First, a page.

Astrophysics and Space Science

, Volume 298, Issue 1–2, pp 305–312 | Cite as

Studying Hydrodynamic Instability Using Shock-Tube Experiments

  • O. Sadot
  • K. Levy
  • A. Yosef-Hai
  • D. Cartoon
  • Y. Elbaz
  • Y. Srebro
  • G. Ben-Dor
  • D. Shvarts
Article

Abstract

The hydrodynamic instability, which develops on the contact surface between two fluids, has great importance in astrophysical phenomena such as the inhomogeneous density distribution following a supernova event. In this event acceleration waves pass across a material interface and initiate and enhance unstable conditions in which small perturbations grow dramatically.

In the present study, an experimental technique aimed at investigating the above-mentioned hydrodynamic instability is presented. The experimental investigation is based on a shock-tube apparatus by which a shock wave is generated and initiates the instability that develops on the contact surface between two gases. The flexibility of the system enables one to vary the initial shape of the contact surface, the shock-wave Mach number, and the density ratio across the contact surface.

Three selected sets of shock-tube experiments are presented in order to demonstrate the system capabilities: (1) large-initial amplitudes with low-Mach-number incident shock waves; (2) small-initial amplitudes with moderate-Mach-number incident shock waves; and (3) shock bubble interaction.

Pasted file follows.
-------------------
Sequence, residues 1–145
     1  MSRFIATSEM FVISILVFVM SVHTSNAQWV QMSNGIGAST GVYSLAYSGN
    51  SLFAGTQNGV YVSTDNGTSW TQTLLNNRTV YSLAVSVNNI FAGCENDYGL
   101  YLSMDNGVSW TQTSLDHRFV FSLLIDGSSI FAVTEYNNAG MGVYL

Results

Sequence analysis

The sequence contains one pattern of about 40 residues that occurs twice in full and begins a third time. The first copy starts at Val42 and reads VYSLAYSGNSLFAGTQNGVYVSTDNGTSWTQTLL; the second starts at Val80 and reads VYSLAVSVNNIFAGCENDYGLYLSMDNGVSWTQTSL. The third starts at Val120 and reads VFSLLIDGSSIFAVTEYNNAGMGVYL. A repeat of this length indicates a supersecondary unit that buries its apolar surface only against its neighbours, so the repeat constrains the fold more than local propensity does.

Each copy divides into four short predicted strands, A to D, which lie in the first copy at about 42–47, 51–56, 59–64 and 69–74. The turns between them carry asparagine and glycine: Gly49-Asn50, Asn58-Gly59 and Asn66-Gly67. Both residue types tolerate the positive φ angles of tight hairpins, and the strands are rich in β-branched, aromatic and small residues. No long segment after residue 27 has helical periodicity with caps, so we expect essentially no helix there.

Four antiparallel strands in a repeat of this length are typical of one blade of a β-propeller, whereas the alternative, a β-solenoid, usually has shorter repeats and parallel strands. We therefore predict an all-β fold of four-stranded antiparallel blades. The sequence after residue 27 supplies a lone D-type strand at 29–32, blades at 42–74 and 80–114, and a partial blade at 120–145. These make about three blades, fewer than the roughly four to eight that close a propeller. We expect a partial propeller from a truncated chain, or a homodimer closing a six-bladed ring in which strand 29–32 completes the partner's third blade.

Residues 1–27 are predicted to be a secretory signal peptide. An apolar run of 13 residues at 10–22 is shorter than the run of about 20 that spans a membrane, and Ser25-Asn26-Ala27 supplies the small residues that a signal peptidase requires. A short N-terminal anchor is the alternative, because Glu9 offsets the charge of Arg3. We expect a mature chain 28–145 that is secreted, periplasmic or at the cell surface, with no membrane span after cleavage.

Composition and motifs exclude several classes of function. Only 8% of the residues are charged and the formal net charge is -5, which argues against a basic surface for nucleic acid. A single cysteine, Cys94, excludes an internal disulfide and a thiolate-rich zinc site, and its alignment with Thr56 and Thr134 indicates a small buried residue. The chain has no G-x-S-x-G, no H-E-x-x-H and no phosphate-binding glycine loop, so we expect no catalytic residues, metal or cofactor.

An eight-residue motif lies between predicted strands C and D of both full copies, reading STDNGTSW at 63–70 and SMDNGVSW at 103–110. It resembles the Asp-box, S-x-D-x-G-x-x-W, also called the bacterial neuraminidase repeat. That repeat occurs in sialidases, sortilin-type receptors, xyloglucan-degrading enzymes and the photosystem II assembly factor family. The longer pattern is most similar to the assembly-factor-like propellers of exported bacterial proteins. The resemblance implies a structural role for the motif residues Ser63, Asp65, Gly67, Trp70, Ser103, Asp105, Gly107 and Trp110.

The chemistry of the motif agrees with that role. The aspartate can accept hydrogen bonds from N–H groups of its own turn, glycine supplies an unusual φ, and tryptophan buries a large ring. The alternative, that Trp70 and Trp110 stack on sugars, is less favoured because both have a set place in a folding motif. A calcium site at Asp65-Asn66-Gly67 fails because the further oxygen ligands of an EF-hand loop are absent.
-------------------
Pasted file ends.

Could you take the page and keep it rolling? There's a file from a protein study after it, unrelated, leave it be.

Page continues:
In the large-amplitude experiments a reduction of the initial velocity with respect to the linear growth prediction was measured. The results were compared to those predicted by a vorticity-deposition model and to previous experiments with moderate- and high-Mach number incident shock waves that were conducted by others. In this case, a reduction of the initial velocity was noted. However, at late times the growth rate had a 1/t behavior as in the small-amplitude low-Mach number case. In the small-amplitude moderate-Mach number shock experiments a reduction from the impulsive theory was noted at the late stages.

The passage of a shock wave through a spherical bubble results in the formation of a vortex ring. Simple dimensional analysis shows that the circulation depends linearly on the speed of sound of the surrounding material and on the initial bubble radius.

Keywords

Richtmyer-Meshkov instability turbulent mixing shock-tube experiments 

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Copyright information

© Springer Science + Business Media, Inc. 2005

Authors and Affiliations

  • O. Sadot
    • 1
    • 2
  • K. Levy
    • 1
    • 2
  • A. Yosef-Hai
    • 1
    • 2
  • D. Cartoon
    • 1
    • 2
  • Y. Elbaz
    • 2
  • Y. Srebro
    • 1
    • 2
  • G. Ben-Dor
    • 2
  • D. Shvarts
    • 1
    • 2
  1. 1.Physics Department, Nuclear Research Center NegevBEER-SHEVAIsrael
  2. 2.Ben-Gurion University of the Negev, BEER-SHEVAIsrael

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